There are basically two ways of training tricks/behaviors: Capturing the behavior and shaping the behavior. The benefit of capturing a behavior is that you may be able to quickly capture a desired trick/behavior that might be difficult to shape or elicit on your own. The disadvantage of capturing a behavior is that if the animal refuses the behavior, you do not have any steps in place to remind or guide the animal into the desired behavior. The benefits of shaping a trick/behavior is that you can shape it with several steps that will help guide the animal in the future if they need help AND you can ensure that the behavior is shaped with the same criterion for every step of the behavior.
I always try to remind my clients before they start shaping or training tricks/behaviors, to really watch their dogs at home to see what the dog does naturally in their own environment and on their own time. Do they sleep flat on their backs with their legs splayed apart? Do they do a very long down ward dog or bow in the morning? Do they walk on their hind legs often to get attention? Do they rub their faces with their paws after eating? Once you have spent the time to really understand your dog’s natural tendencies, then you can truly appreciate how to start shaping behaviors/tasks that are comfortable and easy for your dog to learn.
Now that you have an idea of what your dog does on his own time, you will want to study how your dog moves naturally. Choose tasks that fit the dog’s physical ability. For instance, for some larger dogs like a golden or a newfy that has a very loose style of sitting and very relaxed hips, it will not be comfortable learning to “sit pretty” or “beg”. However, that same golden or a newfy might be brilliant at rolling over, playing dead or crawling.
Shaping a trick requires some forethought. Try and break the trick down into smaller steps that you can slowly shape and reward each small movement towards that completed step. You should use a marker word like “yes” or “ok” or a sound like from a clicker to quickly mark the instant that the dog completes that step and give very small treats that the dog can eat quickly. Think of it like taking a picture; each time you mark the step or movement you are taking a snap shot of that precise movement. Timing is very important. As the dog gets rewarded for moving in the required manner, he will want to repeat the step over and over and you can raise the criterion of the step to shape it well. Roll over, for example, may have 4 steps that need to be shaped and rewarded to ensure that the finished product is not sloppy or all over the place.
Sometimes the best way to start shaping a behavior is to teach your dog to “touch” and “target”. For me, touch means my hand or target pole and target means “go to” the target. Once the dog is consistently touching or targeting, you can move the target around, have them hold or stay on the target for longer periods of time and shape behaviors simply by using the dog’s movement towards the target or hand and reward steps along the way. Lures are also great ways of starting the touch behavior. If your dog can follow your lure, then you can shape their body or specific body parts to move in many ways. Once your dog knows how to use his paw for shake or his nose for touch, you can open up your mind, think outside the box and get creative to see how you can adapt the behavior into something else. Most tricks are built off of the basic obedience commands like sit, down, stand, finish as well as paw, touch, and hand signals. (ie: sit pretty/beg; roll over/play dead; shake/high 5/wave/left paw/right paw; spin/dance; head rest; bows)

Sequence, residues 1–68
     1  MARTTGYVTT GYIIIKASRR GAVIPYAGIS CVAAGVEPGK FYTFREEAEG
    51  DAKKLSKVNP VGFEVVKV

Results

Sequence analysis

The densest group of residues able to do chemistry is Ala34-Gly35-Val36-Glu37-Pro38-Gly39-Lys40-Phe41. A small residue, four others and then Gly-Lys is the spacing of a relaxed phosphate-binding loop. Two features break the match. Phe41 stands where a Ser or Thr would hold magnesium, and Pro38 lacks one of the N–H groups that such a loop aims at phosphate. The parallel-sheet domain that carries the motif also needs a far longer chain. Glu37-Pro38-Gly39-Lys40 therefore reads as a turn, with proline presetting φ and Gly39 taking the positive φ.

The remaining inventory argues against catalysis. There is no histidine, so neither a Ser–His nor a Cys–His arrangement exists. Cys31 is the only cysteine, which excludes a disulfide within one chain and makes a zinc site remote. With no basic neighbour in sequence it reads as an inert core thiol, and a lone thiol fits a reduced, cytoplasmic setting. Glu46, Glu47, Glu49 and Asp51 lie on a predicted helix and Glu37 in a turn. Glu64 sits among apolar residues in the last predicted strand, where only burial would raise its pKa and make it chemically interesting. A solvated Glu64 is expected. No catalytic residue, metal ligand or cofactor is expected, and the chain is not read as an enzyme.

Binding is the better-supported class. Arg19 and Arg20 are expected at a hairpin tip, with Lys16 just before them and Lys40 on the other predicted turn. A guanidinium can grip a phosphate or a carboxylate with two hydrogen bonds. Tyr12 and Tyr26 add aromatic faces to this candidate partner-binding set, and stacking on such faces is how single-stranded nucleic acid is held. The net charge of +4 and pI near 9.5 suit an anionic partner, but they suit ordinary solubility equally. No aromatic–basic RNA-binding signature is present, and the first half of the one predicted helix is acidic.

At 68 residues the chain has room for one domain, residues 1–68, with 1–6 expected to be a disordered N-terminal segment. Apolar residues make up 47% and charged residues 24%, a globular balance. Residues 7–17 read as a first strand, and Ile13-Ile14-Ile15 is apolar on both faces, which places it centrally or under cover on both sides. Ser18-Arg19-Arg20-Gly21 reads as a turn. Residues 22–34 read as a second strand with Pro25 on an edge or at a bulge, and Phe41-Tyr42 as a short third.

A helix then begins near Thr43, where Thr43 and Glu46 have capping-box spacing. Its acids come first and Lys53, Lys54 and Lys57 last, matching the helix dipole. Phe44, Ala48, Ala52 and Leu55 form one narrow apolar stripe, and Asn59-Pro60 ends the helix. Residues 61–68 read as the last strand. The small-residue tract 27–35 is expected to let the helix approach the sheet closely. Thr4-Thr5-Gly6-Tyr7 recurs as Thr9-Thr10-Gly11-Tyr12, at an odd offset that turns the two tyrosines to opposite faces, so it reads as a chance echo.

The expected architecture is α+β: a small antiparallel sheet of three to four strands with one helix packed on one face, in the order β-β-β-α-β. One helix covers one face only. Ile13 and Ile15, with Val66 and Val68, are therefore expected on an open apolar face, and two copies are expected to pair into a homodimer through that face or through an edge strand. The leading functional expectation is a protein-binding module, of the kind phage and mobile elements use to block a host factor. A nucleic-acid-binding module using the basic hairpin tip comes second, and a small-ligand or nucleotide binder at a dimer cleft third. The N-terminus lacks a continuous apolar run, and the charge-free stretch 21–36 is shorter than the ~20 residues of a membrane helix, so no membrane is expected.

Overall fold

Another small tip would be to separate certain tricks as you teach them or introduce them so that your dog does not get confused. For instance, sometimes if you are teaching shake and you have done a lot of “down” beforehand, the dog might take you reaching downward toward his paw as a signal to go “down”. Likewise, if you are working on shake and high five with different paws, it helps to really master one paw first before moving to the other paw so your dog doesn’t just start throwing his paws up at you haphazardly or start jumping.
Keep your dog training sessions quick and lively and have fun. As humans we sometimes expect too much from our students and move too quickly through the steps. Be open to back tracking to the easier steps to help build confidence that the dog is still on the right track and if you find yourself getting frustrated, just stop and breathe and hug your dog. Then pick it back up a few hours later.
Stay relaxed, focused and have fun!